As a listening experiment aiming for an embodied effect, Earscape Takeover aims to activate proprioceptive awareness (the body’s sense of itself while embedded in its environment), and to engage the nervous system in a relaxing way (even amidst the soft chaos of public space), while nurturing the lively curiosity of the auditory imagination.
Heterophonics– radio as an intersection of displacement and site-specificity
a young child, even before having my own room in my parent’s home, I was struck
by how the experience of listening to radio was radically defined by
in-between-ness, and activated by an intense and slightly disorienting curiosity
towards otherness, all while powerfully intersecting displacement and
site-specificity. Moreover, a battery-operated FM/AM pocket radio with a wire
antenna (the kind I had), if paired with headphones, can provide a magical blanket
of privacy in relation to one’s immediate surroundings, while providing access
to farther worlds of sonic imagination.
Of course, at the time these were not the words
I had available to formulate my experience. What I was was fascinated by how
voices and music from the beyond could come and reach my ears, as I lay under
the (no-longer metaphorical) blankets in early nightfall, just before drifting into
sleep. And without wires! The world was much less wireless back then.
Most fascinating for me, was the foreign radio
coming from beyond the borders. Even beyond the exoticism of unfamiliar vocal
geographies, the very act of tuning manually – meaning, traversing the static noise
between station frequencies – provides access to a transitive soundscape of glitched/cacophonic
heterotopia, stimulated by a phenomenology of expectation.
Heterophonics is a lecture-performance on the multiple and often incongruous overlapping of imaginary geographies that listening to radio provides. It also deals with how the located body – the listener, wherever she is to be found – is a fully active participant in this heterotopian space, and some notes on the phenomenology and politics of inhabiting it. In sum, this lecture explores traditional radio as a portable heterotopian grid/access point, as well as its nuanced variations in our present age of constant (dis)connectivity.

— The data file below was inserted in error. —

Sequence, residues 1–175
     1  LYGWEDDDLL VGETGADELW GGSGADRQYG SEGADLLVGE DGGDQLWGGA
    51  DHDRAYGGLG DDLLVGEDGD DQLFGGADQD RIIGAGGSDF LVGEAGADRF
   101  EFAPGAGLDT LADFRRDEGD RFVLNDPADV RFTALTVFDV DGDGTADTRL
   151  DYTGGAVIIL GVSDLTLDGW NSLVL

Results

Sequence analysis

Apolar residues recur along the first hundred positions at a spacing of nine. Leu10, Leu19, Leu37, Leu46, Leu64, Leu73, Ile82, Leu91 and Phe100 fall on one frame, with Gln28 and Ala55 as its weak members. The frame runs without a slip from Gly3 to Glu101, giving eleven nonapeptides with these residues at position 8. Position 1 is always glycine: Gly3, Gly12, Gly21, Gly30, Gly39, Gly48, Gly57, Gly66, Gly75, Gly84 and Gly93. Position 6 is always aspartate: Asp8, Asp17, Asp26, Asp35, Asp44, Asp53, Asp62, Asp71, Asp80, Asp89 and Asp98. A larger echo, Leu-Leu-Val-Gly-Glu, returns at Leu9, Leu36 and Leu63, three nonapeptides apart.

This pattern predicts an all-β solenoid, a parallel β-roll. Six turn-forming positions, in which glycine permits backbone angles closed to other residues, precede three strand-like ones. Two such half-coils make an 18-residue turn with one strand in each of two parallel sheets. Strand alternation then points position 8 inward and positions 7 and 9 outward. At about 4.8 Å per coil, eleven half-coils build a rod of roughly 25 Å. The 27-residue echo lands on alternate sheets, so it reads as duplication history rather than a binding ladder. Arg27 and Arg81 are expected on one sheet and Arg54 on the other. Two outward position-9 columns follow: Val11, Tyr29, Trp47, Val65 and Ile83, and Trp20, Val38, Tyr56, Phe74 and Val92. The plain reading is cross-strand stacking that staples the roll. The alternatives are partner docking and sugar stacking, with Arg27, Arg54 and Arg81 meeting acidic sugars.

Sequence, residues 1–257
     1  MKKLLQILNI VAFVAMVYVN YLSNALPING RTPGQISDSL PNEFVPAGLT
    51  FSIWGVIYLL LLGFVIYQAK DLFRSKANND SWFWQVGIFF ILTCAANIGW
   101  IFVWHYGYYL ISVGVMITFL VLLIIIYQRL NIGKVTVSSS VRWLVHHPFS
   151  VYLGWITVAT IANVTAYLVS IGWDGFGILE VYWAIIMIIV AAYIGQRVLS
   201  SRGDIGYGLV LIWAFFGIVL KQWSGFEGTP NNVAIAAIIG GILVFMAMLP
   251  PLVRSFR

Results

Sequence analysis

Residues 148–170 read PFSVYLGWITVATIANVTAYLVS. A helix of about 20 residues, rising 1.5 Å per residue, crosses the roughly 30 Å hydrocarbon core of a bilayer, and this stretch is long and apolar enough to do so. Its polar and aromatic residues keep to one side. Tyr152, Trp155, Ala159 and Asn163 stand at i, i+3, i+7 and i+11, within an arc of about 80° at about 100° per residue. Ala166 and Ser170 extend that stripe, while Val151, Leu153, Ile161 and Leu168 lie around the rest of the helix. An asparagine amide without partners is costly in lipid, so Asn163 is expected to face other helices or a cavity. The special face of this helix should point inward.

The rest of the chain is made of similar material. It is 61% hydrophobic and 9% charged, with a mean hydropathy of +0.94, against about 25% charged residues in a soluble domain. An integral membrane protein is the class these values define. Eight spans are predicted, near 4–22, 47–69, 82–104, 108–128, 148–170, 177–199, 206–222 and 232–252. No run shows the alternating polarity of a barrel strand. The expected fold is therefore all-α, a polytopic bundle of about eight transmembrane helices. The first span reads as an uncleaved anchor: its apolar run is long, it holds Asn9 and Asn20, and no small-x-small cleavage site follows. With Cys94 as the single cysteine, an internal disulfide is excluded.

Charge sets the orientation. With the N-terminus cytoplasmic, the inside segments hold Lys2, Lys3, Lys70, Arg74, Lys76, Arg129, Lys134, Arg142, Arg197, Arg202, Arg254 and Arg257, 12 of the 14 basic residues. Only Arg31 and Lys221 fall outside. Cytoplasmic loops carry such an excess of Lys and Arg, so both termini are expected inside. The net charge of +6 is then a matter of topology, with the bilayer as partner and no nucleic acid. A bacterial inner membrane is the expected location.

DUST – Pilot Episode: Encountering the Hyperobject
Six sonic explorations of human enmeshment in an expanded ecology
How can we humans of the Anthropocene learn to understand the interdependence of our and other life forms and bio-/geological systems across deep time and space?
Encountering the Hyperobject is an ongoing sound composition/radio podcast series that connects social science, artistic research, sound art, and ecologies through the geo-philosophical concept of hyperobjects; “things that are massively distributed in time and space relative to humans” (Morton, 2013) while both affecting and affected by the lives we live in the present. Hyperobjects can be anything from global warming, to nuclear materials or plastic bags.
The project takes up Morton’s call for humans to “upgrade [our] ontological tools” and tries to attune its audiences to vital hyperobjects via a sonic language that mixes narrative, field-recordings, ambience, dialogue, music and interviews. Each of the planned six episodes engages and researches a specific hyperobject across Nordic and Arctic landscapes and localities.
The first episode, DUST, is under development and a work-in-progress version was presented at Inter Arts Center Malmö as a live lecture-performance and immersive sound-installation in December 2017. The performance was followed by an open discussion, the whole event lasting circa 60 minutes. Encountering the Hyperobject is a collaboration between social scientist and artistic researcher Christina Berg Johansen (DK) and sound artist and artistic researcher Eduardo Abrantes (PT/SE).
Photo credit: Eduardo Abrantes, IAC Malmö, December 2017
Photo credit: Eduardo Abrantes, IAC Malmö, December 2017
Photo credit: Maj Horn, IAC Malmö, December 2017
Photo credit: Eduardo Abrantes, IAC Malmö, December 2017